St Mary’s Church, Rostherne, Tatton, Cheshire

Rostherne Church near Tatton Hall, Cheshire.

A remarkable monument to Charlotte Lucy Beatrix Egerton by Richard Westmacott (1775-1856).

Charlotte Lucy Beatrix Egerton drowned 10 November 1845, the day before her wedding, aged 21, in the Rostherne Mere; the church is overlooks the mere. Unknown whether accident or deliberate; suicide.

A very fine sculpture.

There are three sculptors named Richard Westmacott: grandfather, father and son. This is the work of the middle, perhaps best known, Richard Westmacott.

The church full of other monuments including two more Westmacott’s; the son rather than the father or grandfather.

 

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Anne Boleyn and Jane Seymour had the same mtDNA!

Family trees are commonly represented from the male perspective. Presenting family trees from the female perspective occasionally identifies relationships that aren’t always apparent.

The History Database has a number of Maternal Family Trees that show descent only through the female line. Mitochondrial DNA, or mtDNA, is passed from mothers to their children; men don’t pass mtDNA on.

In transpires that Anne Boleyn and Jane Seymour, the latter having usurped the former in Henry VIII’s affections both shared the same mtDNA. So did their children Elizabeth I and Edward VI respectively. The progenitor of the line is Eleanor Vitre from Brittany, died 1233. She married William 2nd Earl of Salisbury. Their daughter Ela married William Longespée 3rd Earl Salisbury.

The maternal line continues through numerous families: Bourchier, Darcy, Grey, Fitzherbert, Boteler, Strange, Cockayne, Seymour, Cromwell and Howard to name some of the most prominent.

Jane Seymour inherited her mtDNA from her mother Margery Wentworth and her grandmother Anne Say.

Anne Boleyn inherited her mtDNA from her mother Elizabeth Howard and her grandmother Elizabeth Tilney.

And, of course, before Eleanor Vitre, her mother was Emma of Dinan (Brittany), whose mother was Eleanor of Brittany (aka Penthièvre which is in southern Brittany) whose mother was Hawise of Guincampe, which is in northern Brittany.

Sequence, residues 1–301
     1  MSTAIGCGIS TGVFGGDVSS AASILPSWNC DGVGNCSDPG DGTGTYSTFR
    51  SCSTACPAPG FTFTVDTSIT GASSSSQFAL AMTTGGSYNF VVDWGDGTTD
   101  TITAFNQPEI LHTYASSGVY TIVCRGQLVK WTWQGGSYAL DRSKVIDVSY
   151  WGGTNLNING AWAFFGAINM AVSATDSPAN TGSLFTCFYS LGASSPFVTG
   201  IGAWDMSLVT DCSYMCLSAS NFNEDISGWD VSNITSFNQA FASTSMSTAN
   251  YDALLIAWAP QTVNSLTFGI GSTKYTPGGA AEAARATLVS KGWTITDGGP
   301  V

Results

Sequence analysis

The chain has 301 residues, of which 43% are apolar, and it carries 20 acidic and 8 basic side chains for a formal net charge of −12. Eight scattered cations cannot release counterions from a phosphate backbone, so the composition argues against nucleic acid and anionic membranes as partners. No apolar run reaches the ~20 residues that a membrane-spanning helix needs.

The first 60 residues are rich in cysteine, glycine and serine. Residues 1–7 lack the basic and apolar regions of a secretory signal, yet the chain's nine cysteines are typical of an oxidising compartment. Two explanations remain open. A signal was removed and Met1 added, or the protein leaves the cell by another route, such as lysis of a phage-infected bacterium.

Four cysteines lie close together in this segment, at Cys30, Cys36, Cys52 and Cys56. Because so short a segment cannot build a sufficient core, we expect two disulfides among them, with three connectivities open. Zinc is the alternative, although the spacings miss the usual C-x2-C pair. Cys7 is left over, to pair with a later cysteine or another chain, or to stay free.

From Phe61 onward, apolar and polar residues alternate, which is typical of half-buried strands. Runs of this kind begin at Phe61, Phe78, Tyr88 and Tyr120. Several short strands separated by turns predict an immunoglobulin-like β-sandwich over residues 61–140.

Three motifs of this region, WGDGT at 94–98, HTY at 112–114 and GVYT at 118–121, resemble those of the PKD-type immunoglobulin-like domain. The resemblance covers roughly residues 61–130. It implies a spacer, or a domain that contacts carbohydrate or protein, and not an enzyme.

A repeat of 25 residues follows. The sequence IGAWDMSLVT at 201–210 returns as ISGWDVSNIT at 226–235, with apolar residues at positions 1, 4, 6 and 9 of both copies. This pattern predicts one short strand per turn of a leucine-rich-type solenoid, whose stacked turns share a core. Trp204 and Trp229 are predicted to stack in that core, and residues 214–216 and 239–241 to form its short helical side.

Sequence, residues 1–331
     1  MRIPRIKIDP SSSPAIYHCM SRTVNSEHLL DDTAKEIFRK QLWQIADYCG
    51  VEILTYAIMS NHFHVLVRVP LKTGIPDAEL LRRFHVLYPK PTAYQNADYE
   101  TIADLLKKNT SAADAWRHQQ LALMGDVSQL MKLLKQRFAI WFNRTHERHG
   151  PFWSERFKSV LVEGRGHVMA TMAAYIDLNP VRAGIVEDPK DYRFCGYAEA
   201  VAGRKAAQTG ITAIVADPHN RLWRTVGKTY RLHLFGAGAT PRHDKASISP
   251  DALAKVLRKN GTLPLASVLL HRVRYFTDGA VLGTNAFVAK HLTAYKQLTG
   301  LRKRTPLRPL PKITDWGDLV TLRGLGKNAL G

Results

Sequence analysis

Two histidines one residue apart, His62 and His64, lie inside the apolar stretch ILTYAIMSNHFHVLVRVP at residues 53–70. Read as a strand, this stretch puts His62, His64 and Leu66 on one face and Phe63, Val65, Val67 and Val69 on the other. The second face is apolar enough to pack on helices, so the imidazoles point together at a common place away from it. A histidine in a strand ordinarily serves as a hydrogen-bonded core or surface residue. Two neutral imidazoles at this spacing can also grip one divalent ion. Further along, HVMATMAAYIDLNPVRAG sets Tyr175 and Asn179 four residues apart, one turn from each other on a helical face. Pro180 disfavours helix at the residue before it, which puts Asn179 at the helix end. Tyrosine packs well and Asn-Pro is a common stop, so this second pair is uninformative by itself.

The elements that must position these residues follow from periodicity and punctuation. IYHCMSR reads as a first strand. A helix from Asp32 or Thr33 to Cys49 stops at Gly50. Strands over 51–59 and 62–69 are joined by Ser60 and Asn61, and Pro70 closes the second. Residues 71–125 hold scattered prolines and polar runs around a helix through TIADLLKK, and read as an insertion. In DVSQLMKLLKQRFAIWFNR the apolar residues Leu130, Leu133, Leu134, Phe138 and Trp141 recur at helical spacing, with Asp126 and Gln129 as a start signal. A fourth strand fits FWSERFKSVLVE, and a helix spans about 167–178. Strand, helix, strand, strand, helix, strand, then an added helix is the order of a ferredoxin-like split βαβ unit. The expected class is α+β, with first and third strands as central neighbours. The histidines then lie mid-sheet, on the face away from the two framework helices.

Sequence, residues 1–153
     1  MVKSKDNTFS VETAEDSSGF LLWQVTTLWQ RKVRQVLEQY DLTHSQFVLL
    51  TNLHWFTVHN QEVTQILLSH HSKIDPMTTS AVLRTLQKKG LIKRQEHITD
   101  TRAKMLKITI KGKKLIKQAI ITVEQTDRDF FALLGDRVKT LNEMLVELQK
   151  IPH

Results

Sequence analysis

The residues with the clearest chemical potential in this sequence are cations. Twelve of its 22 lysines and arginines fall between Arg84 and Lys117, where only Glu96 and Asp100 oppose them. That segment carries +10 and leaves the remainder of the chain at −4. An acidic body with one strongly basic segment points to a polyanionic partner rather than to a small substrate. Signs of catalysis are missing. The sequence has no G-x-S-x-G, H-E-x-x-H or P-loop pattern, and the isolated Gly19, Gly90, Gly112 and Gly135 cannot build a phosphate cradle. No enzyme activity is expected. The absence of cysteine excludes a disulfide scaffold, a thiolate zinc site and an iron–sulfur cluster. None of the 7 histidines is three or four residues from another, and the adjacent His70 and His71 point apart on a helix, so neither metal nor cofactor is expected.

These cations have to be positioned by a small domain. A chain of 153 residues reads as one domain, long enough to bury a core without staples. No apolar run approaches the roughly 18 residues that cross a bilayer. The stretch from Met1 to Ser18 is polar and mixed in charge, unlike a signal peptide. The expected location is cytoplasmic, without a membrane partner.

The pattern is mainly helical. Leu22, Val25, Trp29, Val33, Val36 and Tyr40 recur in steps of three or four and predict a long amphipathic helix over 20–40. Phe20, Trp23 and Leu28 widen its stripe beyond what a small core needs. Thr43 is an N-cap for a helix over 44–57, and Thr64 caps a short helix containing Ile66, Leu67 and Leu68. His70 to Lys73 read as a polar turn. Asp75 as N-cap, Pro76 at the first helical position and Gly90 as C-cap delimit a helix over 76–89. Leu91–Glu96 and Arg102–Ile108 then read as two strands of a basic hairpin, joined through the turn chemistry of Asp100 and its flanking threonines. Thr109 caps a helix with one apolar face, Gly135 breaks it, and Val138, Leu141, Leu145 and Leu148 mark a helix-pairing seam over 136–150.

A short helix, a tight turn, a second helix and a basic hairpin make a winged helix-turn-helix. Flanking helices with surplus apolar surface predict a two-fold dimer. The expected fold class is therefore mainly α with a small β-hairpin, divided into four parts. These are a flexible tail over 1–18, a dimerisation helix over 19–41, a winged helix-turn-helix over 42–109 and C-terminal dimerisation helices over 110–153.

The line appears to have ended with the two daughters of Dorothy Sidney, Dorothy and Penelope, neither of whom appear to have had daughters, and Jane, the daughter of Mary Boyle, who didn’t have issue.

 

Monument to Ralph Fitzherbert, Norbury Church

Monument to Ralph Fitzherbert and his wife Elizabeth Marshall at the Church of St Mary and St Bartok, Derbyshire.

Finely made in Chellaston alabaster of the fifth or early Tudor period

His effigy notable for being the only remaining with the boar of Richard III on his Yorkist suns collar. Bobbed hair with finely detailed ringlets. No facial hair. Head resting on a mantled tournament helm with right handed clenched fist crest; Fitzherbert. Feet resting on a lion with a beadsman beneath the right foot.

She wearing the butterfly headdress with a tight collar with an ‘agnes dei’ (lamb of God) pendant.

The chest finely made with weepers on the three extant sides. On one side five single men (a knight, a monk, two merchants and one unknown), and one couple. On the other side women, four single, two duos.

Ralph and Elizabeth had twelve children, six male, six female so probable the weepers represent their children, possibly with spouses, possibly with offspring since in the two females duos there is a noticeable difference in height.

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Monument to Robert Charles John Manners, Chapel, Haddon Hall

A very fine sculpture of the boy Robert Charles John Manners, 1886-1895, first son of Henry 8th Duke Rutland and his wife Violet Lindsay, who died aged nine of an acute stomach condition.

Violet Lindsay spend thirty years sculpting the base of the monument, possibly also the effigy too although it is so fine as to probably be the work of a professional such as Alfred Gilbert (who was summoned to take the death mask), possibly George Frampton whose monument to Lady Isabel Wilson in St James Church, Warter is of a similar quality.

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The arms on the base of the monument represent the Manners and Lindsay descent.

The Manners arms originally Or, two bars azure, meaning Gold (Yellow) background with two blue (azure) horizontal bars.

Henry VIII allowed the augmentation of the arms with the arms of England in chief (meaning at the top) reflecting the descent from Edward III as a result of George Manners, 11th Baron Ros Helmsley, having married Anne St Leger whose mother was Anne of York (elder sister of Edward IV and Richard III) whose father was Richard 3rd Duke York whose father was Richard of Conisburgh, 1st Earl Cambridge, whose father was Edmund of Langley, 1st Duke of York, whose was the son of Edward III.

Other arms include:

Ros. Robert Manners married Eleanor Ros, heiress of Thomas Ros, 9th Baron Ros Helmsley.

Neville. Henry Manners, 2nd Earl Rutland, married Margaret Neville, daughter of Ralph Neville, 4th Earl Westmoreland.

Charlton. John Manners, 4th Earl Rutland, married Elizabeth Charlton.

Carey. George Manners, 7th Earl Rutland, married Frances Carey.

Montagu. John Manners, 8th Earl Rutland, married Frances Montagu.